In Moscow, Clinton is talk of the town

January 15, 1994|By Will Englund and Kathy Lally | Will Englund and Kathy Lally,Moscow Bureau

MOSCOW -- If things had gone a little bit differently, that FTC could have been Big Brother looming on the television screen over a darkening Red Square yesterday afternoon.

But instead of the all-knowing, sinister face of totalitarianism, it 11 was a crinkly eyed Bill Clinton, beaming encouragement and cheerful American get-up-and-go.

Vladimir Sivolapov, his wife, Irina, and daughter, Yana, 9, were out for a stroll in the biting wind and freezing slush, when, as Mr. Sivolapov put it, they encountered Mr. Clinton just outside the domed St. Basil's Cathedral.

Actually, they encountered a big television van, on which a large screen had been mounted along with a remote feed to the national television studios at Ostankino, where Mr. Clinton was holding forth.

Mr. Clinton had just brought to Russia the electronic town meeting, which he has used so handily in America. The family stayed to watch and liked what they saw.

"He's a very pleasant, energetic man," Mrs. Sivolapov said. "He is obviously quite aware of the economic situation here, and that's why he gave advice. And he has the right to do that. He was quite sincere. He came here to help us."

Mr. Sivolapov said he couldn't imagine Boris N. Yeltsin going to America, picking up a microphone and waving to the studio audience.

Mr. Yeltsin and other politicians haven't quite got the hang of make-up and lighting. Mr. Yeltsin often appears on television reading from note cards under lights that make his face even more puffy than it is in person. Television turns his eyes balefully beady; Mr. Clinton's turn blue and wide as the summer sky.

This made Zhenya Sidorina, 60, a retiree watching at home, somewhat suspicious.

"He's very impressive," she said, "but I'm sure American politicians are like actors and are taught in specialized courses or schools so they learn how to behave in public."

Mr. Clinton, she said, had learned well.

"He's perfect," she said.

All over Moscow and the nation, Russians were marveling at the performance. He wowed them with the easy confidence of his answers. One minute he was speaking authoritatively, in smooth-flowing paragraphs, on the delicate political situation in Georgia. Then he was quoting from Abraham Lincoln's diary.

Here was one of the world's most powerful politicians, roaming among the audience, microphone in hand, smiling, laughing, frowning, quizzical and alive. He could have been relaxing in his living room, except he would look up from time to time in congenial talk-host mode to say, "Let's go to Nizhny Novgorod now," where another outdoor audience was falling under his spell.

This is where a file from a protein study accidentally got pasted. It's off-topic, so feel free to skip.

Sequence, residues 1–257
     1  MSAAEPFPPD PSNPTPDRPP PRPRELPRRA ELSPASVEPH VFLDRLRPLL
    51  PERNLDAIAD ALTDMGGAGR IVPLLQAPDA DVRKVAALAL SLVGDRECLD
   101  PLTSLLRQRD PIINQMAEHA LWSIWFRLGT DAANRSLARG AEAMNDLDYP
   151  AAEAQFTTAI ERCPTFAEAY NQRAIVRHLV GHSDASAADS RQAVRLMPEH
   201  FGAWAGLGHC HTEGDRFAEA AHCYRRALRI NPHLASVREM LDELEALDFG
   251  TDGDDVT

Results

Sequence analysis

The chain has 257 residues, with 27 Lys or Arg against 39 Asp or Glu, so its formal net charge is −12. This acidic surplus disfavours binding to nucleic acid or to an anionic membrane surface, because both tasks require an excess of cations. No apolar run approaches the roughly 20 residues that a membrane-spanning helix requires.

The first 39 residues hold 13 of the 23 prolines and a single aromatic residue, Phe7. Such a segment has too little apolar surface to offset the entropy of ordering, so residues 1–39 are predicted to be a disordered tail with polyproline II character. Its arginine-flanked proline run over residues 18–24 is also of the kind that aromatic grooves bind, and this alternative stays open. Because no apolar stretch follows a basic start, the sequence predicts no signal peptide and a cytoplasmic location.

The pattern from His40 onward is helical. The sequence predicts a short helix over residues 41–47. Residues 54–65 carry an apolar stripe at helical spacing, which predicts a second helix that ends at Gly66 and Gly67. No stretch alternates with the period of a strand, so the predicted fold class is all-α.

In Russia, politicians are descended from grim-faced Stalins and Brezhnevs who glared voters into submission; they were weaned on an Official Speak that rewarded the ability to talk in sentences that never ended and preferably made no sense.

Russians are a warm-hearted lot, but for them it is the sort of attribute that emerges slowly and strongly in the protective embrace of their own four walls. Mr. Clinton's warmth spilled over all of them yesterday with the effervescence of the champagne they love so dearly.

"I see him not only positively," sighed Lena Simonova, 40, "but with love."

She said the largely youthful audience in the television studio came from a generation deeply attracted to America because it represents freedom to them.

"If I were young, I would go to live there, and I'm sure I would be very happy there," she said.

If Mr. Clinton made one mistake, it was telling his first questioner to go ahead and speak to him in English. Others followed suit, and it seemed a little highfalutin to some viewers. And others thought he was too personable for a president.

Others took right away to the idea -- largely untested here -- of a smiling politician.

"I like him because he's always smiling and open," said Alexei Ilingin, 17. "He looks very democratic."

Mr. Clinton very adroitly managed to offer advice without being pushy. In Red Square, Mr. Sivolapov said he took issue with only one of the president's assertions -- that Russia must now choose between hope and fear.

"For me, personally, the time has come to choose responsibility," said the businessman, 33. "I myself, for instance, need to be responsible for my child. We've lived on hope for too long now."

Alla Romanova, 45, a teacher of construction engineering, had watched the program in her apartment across the Moscow River from the Kremlin.

"As a woman," she said, "I liked his style of speaking, and his

manners."

He did, she said seem to be offering quite a lot of advice.

"Well, it's the usual way of you Americans. You're more sure of yourself. Now, you wouldn't like it if strangers came to the U.S. and gave too much advice," she said.

Had Mr. Clinton given too much?

She laughed. "Russians generally love to listen to advice. They just don't follow it."

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